This reverent but highly accessible and creative tribute to Leonard Bernstein, by Swedish trumpeter Peter Asplund, will undoubtedly be a leading contender for his homeland's next Golden Record (Gyllene Skivan) award. It's the most important jazz album to emerge from the Nordic Area in a good long while. Asplund's collaboration with Mats Hålling--a composer and arranger who writes everything from modern classical music to Swedish pop--brings to mind, in a low key kind of way, Miles Davis' landmark collaborations with Gil Evans. Thanks to the presence of the Dalasinfoniettan symphony orchestra, there are echoes too of the ...read more
As I listened to Swedish trumpeter Peter Asplund's quartet on As Knights Concur, I was reminded of another trumpeter somewhat closer to home. Whether consciously or not, Asplund channels Miles Davis in his transitional" phase shortly before Davis passed through the esoteric door of fusion" into the sleep-inducing twilight zone that marked his later years as a jazz icon.
Indeed, one of Asplund's three original compositions, Wonderyear," is reminiscent of Davis' Milestones." And there's a palpable Davis slant to his playing, open or muted, on almost every number. The standard My Funny Valentine" is associated with Miles (and Chet Baker), ...read more
Peter Asplund, one of Sweden's most talented jazz trumpeters, gets his inspiration from giants like Louis Armstrong, Clifford Brown and Miles Davis but funnels it through his own, very Nordic filter. I don't pretend to sound like an American trumpeter," he says. I'm Swedish and that has to come across. As I see it, you have to be uncompromisingly yourself, pursue your own musical vision." He pauses and smiles ruefully. Then of course you have to get people to like what you do--that's the hard part!"A part that got a whole lot easier with the 2004 Prophone release ...read more
Swedish trumpet player Peter Asplund wears a good many musical hats, but it is with his jazz quartet that he's really starting to make waves. His last album with the group, Lochiel's Warning, made him something of a local hero. Now As Knights Concur seems set to put him on the road to international recognition. Forget the pompous title, it's the music that counts. Asplund's idea is that listeners should be led gently into improvisation. The opener, his own composition, In a Pensive Place," does just this, with pianist Jacob Karlzon playing a slow-drop, basically modal intro backed by some ...read more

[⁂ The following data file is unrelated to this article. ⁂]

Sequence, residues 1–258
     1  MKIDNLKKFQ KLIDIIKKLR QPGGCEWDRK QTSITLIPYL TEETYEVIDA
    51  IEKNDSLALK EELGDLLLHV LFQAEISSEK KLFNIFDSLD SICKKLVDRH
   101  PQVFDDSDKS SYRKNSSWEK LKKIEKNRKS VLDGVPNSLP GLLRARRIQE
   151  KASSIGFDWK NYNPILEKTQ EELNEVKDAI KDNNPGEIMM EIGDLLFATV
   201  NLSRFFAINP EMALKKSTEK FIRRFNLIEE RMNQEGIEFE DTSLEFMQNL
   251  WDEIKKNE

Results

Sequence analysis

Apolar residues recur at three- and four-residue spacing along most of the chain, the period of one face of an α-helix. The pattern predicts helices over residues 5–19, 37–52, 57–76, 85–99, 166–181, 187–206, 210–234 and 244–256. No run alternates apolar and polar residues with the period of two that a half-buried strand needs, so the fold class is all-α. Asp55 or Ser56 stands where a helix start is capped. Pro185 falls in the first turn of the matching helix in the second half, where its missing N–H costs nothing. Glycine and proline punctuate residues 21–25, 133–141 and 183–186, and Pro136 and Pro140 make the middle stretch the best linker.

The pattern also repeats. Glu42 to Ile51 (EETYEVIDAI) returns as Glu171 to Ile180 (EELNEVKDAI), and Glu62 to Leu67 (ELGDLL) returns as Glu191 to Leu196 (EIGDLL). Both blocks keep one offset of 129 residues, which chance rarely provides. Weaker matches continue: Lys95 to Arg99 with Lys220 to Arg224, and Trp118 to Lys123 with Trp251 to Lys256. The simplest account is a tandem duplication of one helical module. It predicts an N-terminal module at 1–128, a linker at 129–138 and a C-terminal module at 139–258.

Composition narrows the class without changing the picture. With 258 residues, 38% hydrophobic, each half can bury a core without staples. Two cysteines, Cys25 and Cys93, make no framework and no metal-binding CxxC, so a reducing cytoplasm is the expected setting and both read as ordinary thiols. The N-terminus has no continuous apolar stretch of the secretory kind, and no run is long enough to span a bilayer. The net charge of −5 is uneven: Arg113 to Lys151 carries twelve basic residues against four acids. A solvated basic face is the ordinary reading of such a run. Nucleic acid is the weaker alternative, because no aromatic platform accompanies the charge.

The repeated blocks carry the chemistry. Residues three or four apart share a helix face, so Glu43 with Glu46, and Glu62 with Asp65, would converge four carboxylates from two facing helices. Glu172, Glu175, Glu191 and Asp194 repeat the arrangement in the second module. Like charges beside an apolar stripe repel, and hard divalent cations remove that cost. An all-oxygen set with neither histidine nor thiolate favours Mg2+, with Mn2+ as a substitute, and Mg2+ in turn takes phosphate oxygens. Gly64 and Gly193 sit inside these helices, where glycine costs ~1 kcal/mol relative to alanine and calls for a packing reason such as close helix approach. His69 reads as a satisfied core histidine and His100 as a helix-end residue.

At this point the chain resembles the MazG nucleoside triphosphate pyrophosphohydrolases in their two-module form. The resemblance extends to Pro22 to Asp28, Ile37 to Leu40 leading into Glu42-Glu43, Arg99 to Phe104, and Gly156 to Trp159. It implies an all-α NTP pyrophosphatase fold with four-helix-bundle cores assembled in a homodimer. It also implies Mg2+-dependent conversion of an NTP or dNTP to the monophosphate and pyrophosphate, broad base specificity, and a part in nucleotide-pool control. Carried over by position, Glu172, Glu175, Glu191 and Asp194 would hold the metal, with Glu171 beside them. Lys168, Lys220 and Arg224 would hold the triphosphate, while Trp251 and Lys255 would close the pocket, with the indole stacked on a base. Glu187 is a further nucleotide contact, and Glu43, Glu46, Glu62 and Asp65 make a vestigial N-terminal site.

It took me a while to warm to Lochiel's Warning, the latest album by Swedish trumpeter Peter Asplund, and that's partly because the sequencing is flawed. As a result, it's one of those sessions wherein the whole seems less than the sum of its parts, if you follow my drift.
Asplund is a splendid trumpeter, one of Europe's finest, and his companions are world-class. Having said that, the opinion here is that not much happens before track three, Rodgers and Hart's Falling in Love with Love," when everyone seems to find the spark that was missing on Ellington's Sentimental Mood" ...read more
The “California connection” on this colorful studio date, recorded in January ’96, is scrupulously forged between two marvelous young Swedish musicians, Asplund and Lundgren, and a duo of long–time West Coast stalwarts, Carpenter and Kreibich. Although Asplund was only 27 at the time and Lundgren 29, they play with an awareness and maturity far beyond their years, while Carpenter (37) and Kreibich (40) balance the scales with the bright–eyed energy and enthusiasm of callow apprentices. Asplund and Lundgren met and became friends in ’93 when Jan received Sweden’s prestigious Thore Swanerud Award for young swing/bop musicians (Asplund had earned the ...read more